Philip Bliss took the stage and sat down at the piano.  It was the last song of the program.  There was pin drop silence as Philip set his music in place.  He looked over the crowd.  He thought back to how nervous he was to be singing here at the Michigan State Prison in front of 800 prisoners.  Many of the inmates now had bowed heads and clasped hands.  With his powerful voice, he sang the hymn he had composed called ‘Eternity’.  It would be the last song he would ever sing in a public revival meeting.

 After the service at the prison, he headed back by train to his family in Rome, Pennsylvania where he spent Christmas.  On December 29, 1876 Philip and his wife Lucy said goodbye to their two young children and left for Chicago where they would be helping D.L. Moody with his ministry.  Philip provided the music for Moody’s meetings and wrote and composed many of the hymns for those meetings.

At the train station, he wired a message ahead.  It said “Tickets for Chicago, via Buffalo and Lake Shore Railroad.  Baggage checked through.  Shall be in Chicago Friday night.  God bless you all forever.

By the time the train rolled into Buffalo, a fierce blizzard was raging.  The Pacific Express was refueled and more passengers came aboard.  The train pulled out of the station on its way to Chicago.  Philip checked his watch – it was going to take a while to get to Chicago in this weather.  The steam engines struggled through the high drifts and gale-force winds.  

By the time the train had reached the village of Ashtabula, the train was only moving at ten miles per hour.  The two engines struggled to pull the eleven cars as the 160 foot single span Ashtabula bridge approached.  As the Pacific Express made its way over the bridge, loud cracking sounds could be heard.  The first engine made it across the bridge but was pulled to a sudden stop as the entire bridge collapsed.  

The train plunged down 70 feet onto the frozen river below.  The engines burst into flames which quickly spread to the cars.  Survivors battled getting out of the twisted wreckage and the tall flames.  To make matters worse, the ice started to crack and swallow the wreckage.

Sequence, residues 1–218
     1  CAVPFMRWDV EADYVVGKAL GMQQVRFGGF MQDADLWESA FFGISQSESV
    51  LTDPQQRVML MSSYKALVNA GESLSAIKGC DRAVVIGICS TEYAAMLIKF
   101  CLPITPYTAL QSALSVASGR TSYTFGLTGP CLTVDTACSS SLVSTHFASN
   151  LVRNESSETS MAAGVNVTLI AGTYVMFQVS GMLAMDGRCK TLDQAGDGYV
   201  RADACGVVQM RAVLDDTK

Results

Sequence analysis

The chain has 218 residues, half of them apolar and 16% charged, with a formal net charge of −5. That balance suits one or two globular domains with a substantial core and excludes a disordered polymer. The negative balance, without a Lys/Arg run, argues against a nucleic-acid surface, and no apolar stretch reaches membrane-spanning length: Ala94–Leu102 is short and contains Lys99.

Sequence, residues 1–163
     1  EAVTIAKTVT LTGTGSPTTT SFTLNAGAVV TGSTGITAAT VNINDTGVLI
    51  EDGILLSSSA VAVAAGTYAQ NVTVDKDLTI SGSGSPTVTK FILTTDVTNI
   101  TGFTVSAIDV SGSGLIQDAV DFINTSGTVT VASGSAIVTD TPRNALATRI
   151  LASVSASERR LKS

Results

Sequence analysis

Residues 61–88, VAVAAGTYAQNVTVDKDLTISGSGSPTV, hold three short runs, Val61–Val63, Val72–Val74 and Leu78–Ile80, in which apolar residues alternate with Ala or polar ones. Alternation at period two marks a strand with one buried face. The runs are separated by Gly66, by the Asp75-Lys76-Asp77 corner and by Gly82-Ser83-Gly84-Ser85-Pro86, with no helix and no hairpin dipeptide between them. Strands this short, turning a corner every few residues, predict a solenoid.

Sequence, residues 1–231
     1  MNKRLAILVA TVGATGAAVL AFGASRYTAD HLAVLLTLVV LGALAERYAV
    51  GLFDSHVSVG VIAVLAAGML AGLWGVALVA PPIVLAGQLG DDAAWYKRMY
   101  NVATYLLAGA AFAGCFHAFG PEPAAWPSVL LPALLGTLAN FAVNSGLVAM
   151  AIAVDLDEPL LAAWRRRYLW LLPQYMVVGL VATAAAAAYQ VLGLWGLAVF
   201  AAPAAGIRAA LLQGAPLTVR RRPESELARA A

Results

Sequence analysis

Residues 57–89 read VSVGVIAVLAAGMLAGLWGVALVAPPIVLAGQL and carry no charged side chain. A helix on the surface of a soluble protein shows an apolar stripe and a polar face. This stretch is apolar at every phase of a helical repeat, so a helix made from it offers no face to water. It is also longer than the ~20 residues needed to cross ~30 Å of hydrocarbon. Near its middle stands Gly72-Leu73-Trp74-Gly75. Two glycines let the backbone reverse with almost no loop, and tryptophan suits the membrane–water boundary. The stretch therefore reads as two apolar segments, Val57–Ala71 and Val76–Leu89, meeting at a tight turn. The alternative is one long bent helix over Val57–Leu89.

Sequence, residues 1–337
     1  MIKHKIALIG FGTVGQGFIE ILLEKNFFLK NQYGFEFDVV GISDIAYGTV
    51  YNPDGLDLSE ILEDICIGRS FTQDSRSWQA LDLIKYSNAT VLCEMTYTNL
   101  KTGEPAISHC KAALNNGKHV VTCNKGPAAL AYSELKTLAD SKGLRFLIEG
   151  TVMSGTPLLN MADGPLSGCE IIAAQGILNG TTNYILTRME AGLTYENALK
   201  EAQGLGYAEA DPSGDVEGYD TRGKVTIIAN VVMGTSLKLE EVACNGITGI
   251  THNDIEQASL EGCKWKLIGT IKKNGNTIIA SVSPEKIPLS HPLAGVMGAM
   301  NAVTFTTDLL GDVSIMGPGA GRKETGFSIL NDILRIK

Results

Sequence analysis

Philip Bliss and Lucy were dozing off when they were suddenly jarred awake by the loud cracking sound of the collapsing bridge.  Philip slipped his hand into Lucy’s and looked out the window.  Suddenly the entire carriage seemed to lurch backwards and seemed to be falling.  Everything went black for Philip.

Philip came to and struggled to get out of his berth.  He could hear moans of pain.  What had just happened?  The carriage was quickly filling with smoke and flames – he knew he had to get out.  He looked around desperately for Lucy but she was nowhere to be seen.  The smoke was starting to get thicker and Philip knew he was running out of time.  He scrambled through an opening and was hit by pelting snow and biting wind.  He looked around desperately for Lucy, but couldn’t find her or hardly anyone for that matter.  There seemed to be only a few people who made it out of the train.

Without thinking, Philip took a deep breath and headed back into the mangled railway carriage.  He called out for Lucy but there was no answer.  As Philip crawled through the wreckage looking for his wife, he could feel his air running out.  He headed back to the approximate spot where he was sitting and found Lucy unconscious and pinned under a seat.  Philip couldn’t get her loose.  As the flames and smoke advanced towards them, Philip stayed by her side until the end.

 Out of the 160 Pacific Express passengers, only 14 survived the Ashtabula bridge disaster.  

Philip’s trunk was recovered and inside was found a couple of unfinished hymns.  The last one that Philip had been working on left off with “I know not what awaits me.  God kindly veils my eyes...”  There was also a hymn that was finished but not published – titled My Redeemer.  We sometimes title this hymn “I Will Sing of My Redeemer”. 

I will sing of my Redeemer,
And His heav’nly love to me;
He from death to life hath brought me,
Son of God with Him to be.

Sing, oh, sing, of my Redeemer,
With His blood, He purchased me;
On the cross, He sealed my pardon,
Paid the debt, and made me free.